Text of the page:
Tag Archives: alcoholism

Yet another “false dichotomy” story

Just a couple of weeks after the New York Times, in a column by a person pushing a book, presents a false dichotomy between Alcoholics Anonymous and science-based moderation as the only alternatives on the table, Slate does the same thing. And, it’s story author is a Slate staffer who doesn’t even have the excuse of publishing a book. You can comment on the page or Tweet Brian Palmer here.

The story’s good otherwise; Palmer knows the history of AA’s semi-official opposition to medical assistance for addiction, counseling and more. But, there’s not a single word in there about secular sobriety organizations. Only by people like us contacting people like Palmer to get the full story out there, can we get the full story out there.

And, whether Palmer’s analysis of AA is close to correct or not is not the primary point of this blog post. (That said, I do think he is broadly correct.)

AA vs moderation — false dilemma rears its head again

NY Times image

And unfortunately, it rears its ugly head in a New York Times op-ed, and even worse, it’s one of those New York Times op-eds written by an author who’s got a new book to plug.

Gabrielle Glaser thinks that she is saving many a woman with some degree of a drinking problem from the moralizing of AA. She gets right that, as well as noting that AA is male-focused, unscientific, and still largely rooted in the days of its founding.

She also gets right this:

Women increasingly need help, as their drinking has escalated. Women are being stopped more for drunken driving than they were two decades ago. They’re also the biggest consumers of wine, buying the larger share of the 856 million gallons sold in the United States in 2012. These women are drinking partly because alcohol is a socially respectable way to slog through the smartphone-tethered universe of managing demanding careers, aging parents, kids’ activities and relationships at once. And while it’s not healthy to pour yourself a third or fourth glass every night, it doesn’t mean you’re powerless to do anything about it.

But, she then says the alternative to this:

(T)he A.A. program offers a single path to recovery: abstinence, surrendering one’s ego and accepting one’s “powerlessness” over alcohol.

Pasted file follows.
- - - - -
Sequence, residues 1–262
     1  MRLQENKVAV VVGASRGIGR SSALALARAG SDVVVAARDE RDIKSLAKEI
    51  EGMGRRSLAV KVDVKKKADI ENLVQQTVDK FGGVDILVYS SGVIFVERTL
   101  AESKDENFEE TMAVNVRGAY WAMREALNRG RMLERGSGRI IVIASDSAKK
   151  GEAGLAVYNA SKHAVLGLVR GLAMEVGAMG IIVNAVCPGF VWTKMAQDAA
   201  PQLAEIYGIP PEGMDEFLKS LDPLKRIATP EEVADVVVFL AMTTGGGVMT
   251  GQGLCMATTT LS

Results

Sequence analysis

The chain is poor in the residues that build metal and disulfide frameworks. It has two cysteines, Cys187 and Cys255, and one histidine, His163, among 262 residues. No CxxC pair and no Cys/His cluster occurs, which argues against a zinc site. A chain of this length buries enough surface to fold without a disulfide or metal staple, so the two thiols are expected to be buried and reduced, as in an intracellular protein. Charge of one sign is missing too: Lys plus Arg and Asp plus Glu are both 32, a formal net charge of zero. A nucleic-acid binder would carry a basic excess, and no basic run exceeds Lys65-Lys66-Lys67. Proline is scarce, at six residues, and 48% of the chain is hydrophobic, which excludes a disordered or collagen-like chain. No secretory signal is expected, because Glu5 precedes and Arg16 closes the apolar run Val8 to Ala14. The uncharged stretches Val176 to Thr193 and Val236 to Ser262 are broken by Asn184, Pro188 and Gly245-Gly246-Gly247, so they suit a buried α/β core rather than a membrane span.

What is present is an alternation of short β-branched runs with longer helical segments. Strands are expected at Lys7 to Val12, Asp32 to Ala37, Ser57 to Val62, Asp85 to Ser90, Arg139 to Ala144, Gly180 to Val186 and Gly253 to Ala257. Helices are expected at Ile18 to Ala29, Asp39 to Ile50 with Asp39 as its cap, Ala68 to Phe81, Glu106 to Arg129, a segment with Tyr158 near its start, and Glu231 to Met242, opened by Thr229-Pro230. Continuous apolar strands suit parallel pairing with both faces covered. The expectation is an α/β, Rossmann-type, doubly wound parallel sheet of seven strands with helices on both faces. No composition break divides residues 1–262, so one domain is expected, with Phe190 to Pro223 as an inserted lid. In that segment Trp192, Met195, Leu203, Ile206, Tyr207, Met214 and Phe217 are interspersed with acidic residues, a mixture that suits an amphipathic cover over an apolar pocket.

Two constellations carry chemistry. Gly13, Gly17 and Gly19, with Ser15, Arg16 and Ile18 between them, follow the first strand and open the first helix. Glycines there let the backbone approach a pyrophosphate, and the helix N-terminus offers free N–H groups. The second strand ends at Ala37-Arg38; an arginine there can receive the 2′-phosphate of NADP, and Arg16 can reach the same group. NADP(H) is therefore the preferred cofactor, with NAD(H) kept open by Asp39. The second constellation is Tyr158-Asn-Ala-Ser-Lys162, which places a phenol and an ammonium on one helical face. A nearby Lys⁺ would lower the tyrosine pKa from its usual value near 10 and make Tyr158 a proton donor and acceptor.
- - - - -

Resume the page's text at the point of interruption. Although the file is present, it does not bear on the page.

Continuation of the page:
Can, and should, (often) be moderated drinking.

I put the “often” in parentheses because she does, at her website, albeit on a hyperlink whose linkage is broken, or was for me, abstinence-only alternatives to AA. Besides us, and the others, I was simply flabbergasted that, because her column was about drinking problems particular to women, she wouldn’t even mention Women for Sobriety in the column.

She then goes on to specifically tout Moderation Management, without noting, besides just founder Audrey Kishline, its own problematic history, lack of verifiable information, etc. This is a sad case of wanting to have one’s cake and eat it, too.

Next is this:

This approach isn’t for severely dependent drinkers, for whom abstinence might be best.

“Might”? Try “is.” Period.

Unfortunately, she got curt with me when I pointed out some of the above issues in an email. I have made multiple comments on the Times op-ed, my original ones being about the book itself, then responding to a couple of diehard AAers trotting out the classical “no true Scotsman” stance in saying Glaser wasn’t critiquing true AA, etc.

Her book is getting a number of unfavorable ratings on Amazon from people who are NOT diehard AAers, for a variety of reasons, so a few people are looking at the devils in the details.

A New Year’s thought – quit now, while you’re younger

If you’re a new visitor to Lifering, and either you or a friend has made a New Year’s resolution to quit drinking, I have one good reason to stand by that resolution.

Likewise, if you or a friend is considering that resolution, but not yet sure about it, I have one good reason to follow through.

It does get worse as you get older.

Scientific evidence is starting to come in that hangovers get worse as people get older.

So, why wait? Save yourself some pain, or encourage a friend to do the same.